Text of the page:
By H. David Morrow email@example.com
(Previously published in MISSING LINKS Vol. 8, No. 4, 27 January 2003) http://www.petuniapress.com/
This is her latest new idea: my geneaholic spouse wants us to celebrate each birthday of all the ancestors she has found.
I haven't figured out whether this party honors the departed; commemorates the fact that she finally proved these people are actually relatives; or glorifies that she discovered the same surname and birth date in two different sources.
The reason doesn't matter. We're talking major stuff here.
Based on her research so far, the average will be three parties per day, every day. And that doesn't include the forebears she knows about but cannot thoroughly document, yet.
Now, as her chief caregiver, I want to give my geneaholic wife all the best care possible. I really want to support her and give her strength while she works through this affliction. Even though I am imbued with the very soul of spousal compassion, I worry where all this celebrating may lead.
For starters, I think she's personalizing this search entirely too much. No other relative in her family has pursued ancestral history with this much zeal. I know this is true, because if anyone else had done even a little research, my wife would have to do much less of it.
She simply would have taken the existing information and added data from her generation and that of her children. But that didn't happen. There is no record of family history before she did it. It's like all those people wanted to keep the information secret.
"Why," I asked, "should you do anything special for the very people who've made your life more difficult?" She didn't answer; nor did she care much for my simile: it's like hosting a party for a rich uncle right after he informs you that you're not even mentioned in his will.
Which brings up another point. Money! The last time I checked, it cost almost $10 for a simple eight-inch diameter, decorated, chocolate-with-fudge-icing birthday cake. That's an extra $10,000 annually out of the food budget. (I've included the quantity discount in this figure.)
Candles, of course, will cost even more than the cakes. Some of her relatives fought in the Civil War. I'm not even sure we can fit 150 candles on an eight-inch cake. (Large sheet cakes cost more than a ten-spot.) We're not poor enough to get free food from any of the charity kitchens, so there's no reason to anticipate anyone else is going to pony up for three birthday cakes per day, certainly not her ancestors. They won't even show up for the festivities.
If you held a surprise party (by definition, any party for a deceased ancestor is a surprise) and the guest of honor didn't bother making an appearance, imagine the stress you'd feel. Think of your embarrassment in front of all the other departed relatives.
And that's another thing. After having quintuple bypass surgery less than five years ago, I don't need any more stress in my life. I've watched my retirement accounts dwindle; I've endured the ravings of the political far right and far left; I've listened to innumerable telemarketing calls and deleted more spam from my e-mail than I can count.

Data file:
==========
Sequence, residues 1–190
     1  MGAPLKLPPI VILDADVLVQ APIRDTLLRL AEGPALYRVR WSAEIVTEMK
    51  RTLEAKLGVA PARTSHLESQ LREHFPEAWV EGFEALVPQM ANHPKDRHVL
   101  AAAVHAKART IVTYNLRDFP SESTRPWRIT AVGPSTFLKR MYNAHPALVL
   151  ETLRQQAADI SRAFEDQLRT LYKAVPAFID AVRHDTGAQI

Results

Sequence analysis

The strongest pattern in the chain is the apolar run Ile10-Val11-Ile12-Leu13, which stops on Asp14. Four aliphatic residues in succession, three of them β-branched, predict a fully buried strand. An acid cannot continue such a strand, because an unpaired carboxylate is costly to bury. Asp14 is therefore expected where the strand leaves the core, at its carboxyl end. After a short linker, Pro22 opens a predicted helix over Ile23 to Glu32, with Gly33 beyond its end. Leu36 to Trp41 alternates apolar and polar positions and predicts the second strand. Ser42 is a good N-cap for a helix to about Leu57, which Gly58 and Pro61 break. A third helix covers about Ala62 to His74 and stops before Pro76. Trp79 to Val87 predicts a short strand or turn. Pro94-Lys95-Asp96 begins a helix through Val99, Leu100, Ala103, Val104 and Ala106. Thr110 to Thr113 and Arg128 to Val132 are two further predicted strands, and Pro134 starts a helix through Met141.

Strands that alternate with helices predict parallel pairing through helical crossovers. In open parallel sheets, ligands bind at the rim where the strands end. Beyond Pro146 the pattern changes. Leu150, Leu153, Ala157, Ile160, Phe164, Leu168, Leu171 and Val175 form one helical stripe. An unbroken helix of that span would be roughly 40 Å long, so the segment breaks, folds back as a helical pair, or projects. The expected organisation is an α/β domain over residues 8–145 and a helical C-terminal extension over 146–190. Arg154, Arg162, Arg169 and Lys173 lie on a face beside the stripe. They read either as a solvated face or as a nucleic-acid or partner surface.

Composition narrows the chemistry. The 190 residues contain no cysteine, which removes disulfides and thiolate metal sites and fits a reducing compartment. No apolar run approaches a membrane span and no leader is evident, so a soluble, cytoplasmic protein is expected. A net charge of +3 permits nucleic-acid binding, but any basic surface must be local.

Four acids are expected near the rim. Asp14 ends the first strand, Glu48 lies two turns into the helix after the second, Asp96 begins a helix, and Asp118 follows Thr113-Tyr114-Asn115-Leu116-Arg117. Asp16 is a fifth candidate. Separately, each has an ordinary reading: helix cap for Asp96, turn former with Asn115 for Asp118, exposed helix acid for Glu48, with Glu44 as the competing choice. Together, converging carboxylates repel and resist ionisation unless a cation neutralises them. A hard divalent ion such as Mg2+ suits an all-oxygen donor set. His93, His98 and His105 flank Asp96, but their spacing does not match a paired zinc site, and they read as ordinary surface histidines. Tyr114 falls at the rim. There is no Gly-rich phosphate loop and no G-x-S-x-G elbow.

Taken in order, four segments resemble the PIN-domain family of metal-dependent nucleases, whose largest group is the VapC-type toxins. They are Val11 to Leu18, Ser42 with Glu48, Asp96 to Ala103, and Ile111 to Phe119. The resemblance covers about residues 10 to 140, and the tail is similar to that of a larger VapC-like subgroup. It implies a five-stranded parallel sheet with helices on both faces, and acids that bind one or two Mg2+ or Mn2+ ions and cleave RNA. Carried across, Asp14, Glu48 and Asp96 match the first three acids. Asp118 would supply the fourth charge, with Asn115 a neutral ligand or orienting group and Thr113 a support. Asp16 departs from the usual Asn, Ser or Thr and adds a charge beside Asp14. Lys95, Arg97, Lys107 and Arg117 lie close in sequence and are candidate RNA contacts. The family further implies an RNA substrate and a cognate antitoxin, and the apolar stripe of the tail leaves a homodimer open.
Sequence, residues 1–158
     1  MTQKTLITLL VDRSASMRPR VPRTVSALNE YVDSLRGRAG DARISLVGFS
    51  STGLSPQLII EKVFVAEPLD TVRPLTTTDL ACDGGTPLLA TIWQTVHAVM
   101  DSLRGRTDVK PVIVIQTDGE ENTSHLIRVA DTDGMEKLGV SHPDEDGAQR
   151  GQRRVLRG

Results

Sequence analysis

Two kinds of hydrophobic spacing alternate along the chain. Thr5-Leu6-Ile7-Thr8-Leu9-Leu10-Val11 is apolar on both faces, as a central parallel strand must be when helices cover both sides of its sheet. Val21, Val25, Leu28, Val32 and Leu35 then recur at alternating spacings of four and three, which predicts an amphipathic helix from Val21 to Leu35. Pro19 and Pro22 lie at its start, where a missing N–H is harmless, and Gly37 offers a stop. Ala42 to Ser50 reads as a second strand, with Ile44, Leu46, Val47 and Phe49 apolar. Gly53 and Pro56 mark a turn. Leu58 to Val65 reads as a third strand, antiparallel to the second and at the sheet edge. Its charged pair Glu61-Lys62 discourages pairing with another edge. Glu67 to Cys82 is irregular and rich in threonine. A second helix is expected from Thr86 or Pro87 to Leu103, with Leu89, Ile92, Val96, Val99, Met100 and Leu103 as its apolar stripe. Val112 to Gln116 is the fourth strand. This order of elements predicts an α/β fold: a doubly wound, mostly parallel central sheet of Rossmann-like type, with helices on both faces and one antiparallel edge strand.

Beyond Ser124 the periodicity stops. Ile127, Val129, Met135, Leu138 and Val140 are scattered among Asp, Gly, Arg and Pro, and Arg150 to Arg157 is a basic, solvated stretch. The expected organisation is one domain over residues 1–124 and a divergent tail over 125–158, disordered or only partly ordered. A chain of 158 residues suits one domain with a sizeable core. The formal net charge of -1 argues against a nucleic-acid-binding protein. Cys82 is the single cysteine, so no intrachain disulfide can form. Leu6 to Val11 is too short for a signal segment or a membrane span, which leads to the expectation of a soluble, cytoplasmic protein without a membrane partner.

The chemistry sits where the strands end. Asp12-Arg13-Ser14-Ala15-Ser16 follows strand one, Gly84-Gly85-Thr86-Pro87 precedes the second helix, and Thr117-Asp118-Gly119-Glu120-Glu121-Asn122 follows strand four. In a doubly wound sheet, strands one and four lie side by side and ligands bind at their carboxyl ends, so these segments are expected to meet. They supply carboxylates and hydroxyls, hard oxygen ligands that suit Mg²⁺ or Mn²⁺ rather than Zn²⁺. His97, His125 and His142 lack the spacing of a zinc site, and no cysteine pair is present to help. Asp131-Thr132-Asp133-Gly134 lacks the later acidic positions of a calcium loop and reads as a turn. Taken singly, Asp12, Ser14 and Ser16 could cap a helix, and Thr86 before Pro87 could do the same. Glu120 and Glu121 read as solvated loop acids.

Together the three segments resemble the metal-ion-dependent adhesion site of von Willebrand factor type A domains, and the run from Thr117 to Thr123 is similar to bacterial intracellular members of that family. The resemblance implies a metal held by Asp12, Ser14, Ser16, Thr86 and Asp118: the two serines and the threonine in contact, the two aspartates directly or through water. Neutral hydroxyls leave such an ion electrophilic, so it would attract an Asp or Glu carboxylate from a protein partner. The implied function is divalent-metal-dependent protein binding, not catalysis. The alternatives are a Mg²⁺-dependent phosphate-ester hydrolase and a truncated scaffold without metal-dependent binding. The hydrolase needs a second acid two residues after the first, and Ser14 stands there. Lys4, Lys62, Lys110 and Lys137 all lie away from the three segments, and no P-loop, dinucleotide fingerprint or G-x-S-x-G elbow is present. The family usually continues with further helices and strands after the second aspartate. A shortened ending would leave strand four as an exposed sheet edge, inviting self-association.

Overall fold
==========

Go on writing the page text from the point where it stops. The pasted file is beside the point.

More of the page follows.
I'm not sure how my heart would take it if just one of her Departed relatives actually did show up for the surprise party.
While we're talking about my health, let's examine what must happen to all the cakes. As I've already alluded, I am almost pure. I don't drink to excess; I don't gamble; I have never cheated on my wife; and I am not involved in genealogy. My sole vice is chocolate.
Note that we will be receiving 1,000+ chocolate cakes with fudge icing. Recall that the guest(s) of honor will probably not show up to help eat the cake. Remember that my only vice is chocolate.
In the interest of continuing my membership in the "Clean Plate Club" (I've been a member for more than 65 years and now is not the time to drop out) I'll probably have to eat all the cakes myself. Within six months, I will undoubtedly weigh 350 pounds. My entire circulatory system, like hot fudge, will only operate in tropical temperatures.
This will necessitate my moving to some equatorial island during the winter months. Due to my weight, I'll have to buy two seats on the airplane; that means paying four times for each round trip. Just for me alone. My wife won't be able to go owing to her constant search for more relatives. And not a single one of my wife's ancestors will provide even a small stipend for all this travel and inconvenience. (Would this change if I give them all the frequent flyer miles?)
Finally, there is the matter of presents. What does one buy for a deceased relative? If they've gone to heaven, they supposedly have everything they could want. Otherwise, the only appropriate gift would be a personal fire extinguisher.
So, I've come up with an alternate plan that I hope will satisfy my wife. Instead of separate birthday parties, I'm perfectly happy to host and attend a family reunion of all these progenitors. The way I figure it, an annual reunion will be less costly, less stressful on her, and much less taxing on my heart. We'll supply the venue, entertainment, and favors for each attendee in lieu of individual birthday presents.
Guests will be expected to bring two covered dishes: one main course and one salad. I'll bring dessert for everyone: chocolate fudge brownies.